As soon as you read the headline, did you start to sing? Are you humming along right now? Are you singing the first verse…. “The wheels on the bus go round and round, round and round, round and round….” Or are you on another verse already, like “The horn on the bus goes beep, beep, beep,” or “The doors on the bus go open and shut….”?
Do you feel nostalgic? Memories of childhood? Moments of time spent on a big yellow bus, on a class trip with friends, or on your way to summer camp? During our childhood, most of us spent some time on a bus. Maybe it wasn’t one of those bright big yellow ones. Maybe it was small, or it was a big coach, with big comfy seats. But, I hope that I have you thinking about time on a bus when you were a child.
When children are on a bus, headed to school, a special outing, camp, or anywhere else, they are often rowdy. They sing. Some dance. Others joke around. The moment a group of children climb onto a bus, it’s like a party has begun.
I experienced that this week… with a group of adults. What is it about a bus that transforms mature, professional adults into silly, boisterous children?
I will give you the context. I had a wonderful opportunity to spend some quality time last week at a leadership summit with people I work with. We spend hours, days, weeks, months of our lives working side by side. We put out “fires” together, work on projects and solve problems.
But, it’s when we leave the office and spend a few days together that we really get to know each other. The brainstorming sessions are important, as are presentations and workshops. And I’m glad, and very appreciative, that in my role as the Communications Director, I’m invited to participate in these sessions.
However, that’s not what I want to write about. You may be wondering, how is she going to connect a favourite childhood song, The Wheels on the Bus Go Round and Round, with a work offsite? It’s all about the bus.
I will ask the question again: Why do we, grown, mature, stuffy adults, quickly become children the moment we step onto a bus? Or a better question is, why not?
Our evening began with the group shaking hands, giving some hugs, as colleagues quickly became friends. We walked down the steps of our hotel, and in front of us was a big white coach bus. The party bus. Or at least it became a party bus when the first person climbed the steps.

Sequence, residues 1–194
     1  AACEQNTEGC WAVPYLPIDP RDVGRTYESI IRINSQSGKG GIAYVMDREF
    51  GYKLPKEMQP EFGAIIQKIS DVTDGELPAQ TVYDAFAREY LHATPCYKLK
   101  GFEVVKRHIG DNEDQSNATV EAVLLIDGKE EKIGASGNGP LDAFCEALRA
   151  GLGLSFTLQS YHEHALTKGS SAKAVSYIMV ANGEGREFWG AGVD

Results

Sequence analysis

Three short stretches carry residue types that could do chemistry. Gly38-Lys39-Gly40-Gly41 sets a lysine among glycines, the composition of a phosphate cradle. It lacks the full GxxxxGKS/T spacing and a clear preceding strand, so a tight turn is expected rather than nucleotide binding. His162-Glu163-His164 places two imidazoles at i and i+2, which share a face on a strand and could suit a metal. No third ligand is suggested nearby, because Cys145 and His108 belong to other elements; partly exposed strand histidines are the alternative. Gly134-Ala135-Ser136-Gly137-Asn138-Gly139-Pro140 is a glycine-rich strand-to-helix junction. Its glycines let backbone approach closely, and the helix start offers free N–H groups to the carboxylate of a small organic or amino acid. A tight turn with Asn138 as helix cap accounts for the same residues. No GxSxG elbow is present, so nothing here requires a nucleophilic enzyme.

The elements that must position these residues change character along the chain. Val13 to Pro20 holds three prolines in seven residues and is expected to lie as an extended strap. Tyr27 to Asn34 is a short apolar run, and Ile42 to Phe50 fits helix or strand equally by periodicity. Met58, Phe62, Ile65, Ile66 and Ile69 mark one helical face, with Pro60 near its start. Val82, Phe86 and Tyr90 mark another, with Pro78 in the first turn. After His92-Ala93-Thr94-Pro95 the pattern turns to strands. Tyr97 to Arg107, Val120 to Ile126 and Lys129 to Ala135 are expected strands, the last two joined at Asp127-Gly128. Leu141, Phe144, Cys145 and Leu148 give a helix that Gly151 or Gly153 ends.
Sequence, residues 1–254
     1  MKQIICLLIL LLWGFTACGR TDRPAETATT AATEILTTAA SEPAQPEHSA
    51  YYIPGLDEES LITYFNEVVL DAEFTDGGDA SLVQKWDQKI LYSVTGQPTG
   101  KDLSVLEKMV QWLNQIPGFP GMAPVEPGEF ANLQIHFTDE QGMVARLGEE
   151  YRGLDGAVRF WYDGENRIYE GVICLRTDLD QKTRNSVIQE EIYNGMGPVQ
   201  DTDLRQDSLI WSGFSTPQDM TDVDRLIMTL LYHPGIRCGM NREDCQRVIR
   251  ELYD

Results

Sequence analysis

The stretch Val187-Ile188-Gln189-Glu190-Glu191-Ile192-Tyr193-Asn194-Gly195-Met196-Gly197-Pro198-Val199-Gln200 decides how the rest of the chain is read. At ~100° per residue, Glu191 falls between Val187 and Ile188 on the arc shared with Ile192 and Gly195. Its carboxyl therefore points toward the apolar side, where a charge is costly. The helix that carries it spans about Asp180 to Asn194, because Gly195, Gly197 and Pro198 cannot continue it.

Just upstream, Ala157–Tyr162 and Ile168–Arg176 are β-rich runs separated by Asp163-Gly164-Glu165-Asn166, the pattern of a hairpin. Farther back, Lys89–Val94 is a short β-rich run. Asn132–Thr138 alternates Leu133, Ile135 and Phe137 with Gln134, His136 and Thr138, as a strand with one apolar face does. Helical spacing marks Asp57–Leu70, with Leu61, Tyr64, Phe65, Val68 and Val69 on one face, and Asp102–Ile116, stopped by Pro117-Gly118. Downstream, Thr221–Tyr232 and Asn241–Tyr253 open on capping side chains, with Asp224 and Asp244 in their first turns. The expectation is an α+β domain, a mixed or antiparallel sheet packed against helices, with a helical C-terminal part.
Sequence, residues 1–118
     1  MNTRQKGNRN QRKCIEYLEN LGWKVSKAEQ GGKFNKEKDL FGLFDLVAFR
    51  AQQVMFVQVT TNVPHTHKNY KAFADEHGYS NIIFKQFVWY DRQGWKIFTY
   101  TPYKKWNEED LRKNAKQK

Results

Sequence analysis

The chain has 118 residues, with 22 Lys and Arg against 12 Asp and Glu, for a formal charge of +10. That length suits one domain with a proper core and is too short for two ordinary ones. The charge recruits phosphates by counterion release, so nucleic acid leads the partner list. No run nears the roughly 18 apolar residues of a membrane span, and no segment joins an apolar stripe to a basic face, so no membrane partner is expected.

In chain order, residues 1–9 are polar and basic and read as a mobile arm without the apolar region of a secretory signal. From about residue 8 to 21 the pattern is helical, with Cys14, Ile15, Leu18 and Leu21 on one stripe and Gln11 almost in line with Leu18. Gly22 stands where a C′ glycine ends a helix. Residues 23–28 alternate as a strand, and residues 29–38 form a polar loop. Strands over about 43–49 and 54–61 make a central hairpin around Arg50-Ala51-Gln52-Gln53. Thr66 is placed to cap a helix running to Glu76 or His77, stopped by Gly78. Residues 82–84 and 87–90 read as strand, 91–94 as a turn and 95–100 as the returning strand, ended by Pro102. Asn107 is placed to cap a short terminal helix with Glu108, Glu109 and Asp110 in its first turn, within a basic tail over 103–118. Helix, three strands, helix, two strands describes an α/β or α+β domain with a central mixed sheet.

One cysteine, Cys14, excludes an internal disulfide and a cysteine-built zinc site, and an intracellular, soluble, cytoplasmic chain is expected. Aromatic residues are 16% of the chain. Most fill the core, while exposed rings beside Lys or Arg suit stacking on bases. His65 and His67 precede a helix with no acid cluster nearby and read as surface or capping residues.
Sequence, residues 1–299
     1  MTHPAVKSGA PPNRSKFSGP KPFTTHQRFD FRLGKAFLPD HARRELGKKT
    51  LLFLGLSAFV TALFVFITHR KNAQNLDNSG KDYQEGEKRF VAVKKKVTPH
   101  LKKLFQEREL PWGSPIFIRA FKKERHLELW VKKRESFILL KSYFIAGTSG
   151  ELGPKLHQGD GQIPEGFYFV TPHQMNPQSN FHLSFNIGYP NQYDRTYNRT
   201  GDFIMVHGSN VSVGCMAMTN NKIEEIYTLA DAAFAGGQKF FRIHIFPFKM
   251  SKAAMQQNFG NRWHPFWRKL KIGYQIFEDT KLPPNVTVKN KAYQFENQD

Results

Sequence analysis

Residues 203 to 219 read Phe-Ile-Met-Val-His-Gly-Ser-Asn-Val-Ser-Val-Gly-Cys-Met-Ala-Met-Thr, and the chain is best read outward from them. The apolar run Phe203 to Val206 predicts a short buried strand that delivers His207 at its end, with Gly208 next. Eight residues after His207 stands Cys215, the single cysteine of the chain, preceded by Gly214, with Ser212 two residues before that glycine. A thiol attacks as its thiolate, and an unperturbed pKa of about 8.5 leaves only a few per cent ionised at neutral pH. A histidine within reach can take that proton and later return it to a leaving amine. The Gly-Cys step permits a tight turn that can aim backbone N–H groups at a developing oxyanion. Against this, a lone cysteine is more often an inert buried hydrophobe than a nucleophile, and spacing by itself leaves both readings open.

One of the organizers tried to count as each person stepped on, and he failed, as no one behaved. It was pouring rain outside, the traffic was terrible, and while we had a short distance to drive from the hotel to the evening activity, it took a long time. No one cared. They were too busy talking, singing and screeching to notice. Even my colleagues in HR. We cracked jokes about our bus driver. Some people teased their friends. Everywhere I looked, people were smiling. And the laughter. Oh, the laughter!
Do you know that feeling when you smile and laugh so much that your face starts to hurt? I can’t even remember half the silliness that went on during this crazy bus ride. Jokes that would never be funny during a meeting at the office were hilarious. Jabs at our boss were received with unctuous cackling. We laughed so hard we cried.
When the evening was over, and we hopped back on the bus to return to the hotel, the silliness returned. The fact that our poor driver had no sense of direction only encouraged the group to be even more immature. Our evening activity could have been a ride on a bus, and I think the group would have been perfectly happy.
And yes, we even sang our favourite song, The Wheels on the Bus Go Round and Round. We continued to sing the following evening, when we once again journeyed across the city on the bus. Everyone dressed up in our fancy adult clothes for a night on the town. But the child in us all came out the moment the wheels on our big white bus began to go round and round. The jokes, the jabs, singing, teasing and a ton of laughter, it all began again.
It was so much fun. Of course our three-day offsite was great, but really, the bus was the best part. It’s like giving a child a big thoughtful gift, like a dollhouse or toy kitchen, and all they want is to play in the box the toy came in. Or you plan a special day in the city, and what your child remembers most is the subway ride downtown.
I hope that the wheels on the bus keep going round and round. That the doors on the bus go open and shut. That the wipers on the bus go swish, swish, swish. But most important, I hope that the people on the bus laugh, laugh, laugh, and have fun, fun, fun.
I’m smiling just thinking about it.